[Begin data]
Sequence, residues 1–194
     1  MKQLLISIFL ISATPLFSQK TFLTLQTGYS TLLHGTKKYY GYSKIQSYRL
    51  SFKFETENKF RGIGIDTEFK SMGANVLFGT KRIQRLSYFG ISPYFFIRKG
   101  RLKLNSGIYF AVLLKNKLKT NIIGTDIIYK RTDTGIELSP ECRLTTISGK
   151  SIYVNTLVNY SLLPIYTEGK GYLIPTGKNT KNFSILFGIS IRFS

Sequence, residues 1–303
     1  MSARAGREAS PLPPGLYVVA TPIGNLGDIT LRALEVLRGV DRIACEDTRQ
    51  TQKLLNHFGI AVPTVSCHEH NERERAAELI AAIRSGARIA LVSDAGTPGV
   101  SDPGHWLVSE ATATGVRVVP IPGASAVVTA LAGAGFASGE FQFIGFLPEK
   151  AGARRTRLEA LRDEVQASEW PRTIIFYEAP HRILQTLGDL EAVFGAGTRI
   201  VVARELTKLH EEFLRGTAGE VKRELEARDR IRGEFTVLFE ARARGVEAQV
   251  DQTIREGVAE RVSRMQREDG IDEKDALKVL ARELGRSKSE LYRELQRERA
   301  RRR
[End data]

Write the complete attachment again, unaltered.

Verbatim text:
Sequence, residues 1–194
     1  MKQLLISIFL ISATPLFSQK TFLTLQTGYS TLLHGTKKYY GYSKIQSYRL
    51  SFKFETENKF RGIGIDTEFK SMGANVLFGT KRIQRLSYFG ISPYFFIRKG
   101  RLKLNSGIYF AVLLKNKLKT NIIGTDIIYK RTDTGIELSP ECRLTTISGK
   151  SIYVNTLVNY SLLPIYTEGK GYLIPTGKNT KNFSILFGIS IRFS

Sequence, residues 1–303
     1  MSARAGREAS PLPPGLYVVA TPIGNLGDIT LRALEVLRGV DRIACEDTRQ
    51  TQKLLNHFGI AVPTVSCHEH NERERAAELI AAIRSGARIA LVSDAGTPGV
   101  SDPGHWLVSE ATATGVRVVP IPGASAVVTA LAGAGFASGE FQFIGFLPEK
   151  AGARRTRLEA LRDEVQASEW PRTIIFYEAP HRILQTLGDL EAVFGAGTRI
   201  VVARELTKLH EEFLRGTAGE VKRELEARDR IRGEFTVLFE ARARGVEAQV
   251  DQTIREGVAE RVSRMQREDG IDEKDALKVL ARELGRSKSE LYRELQRERA
   301  RRR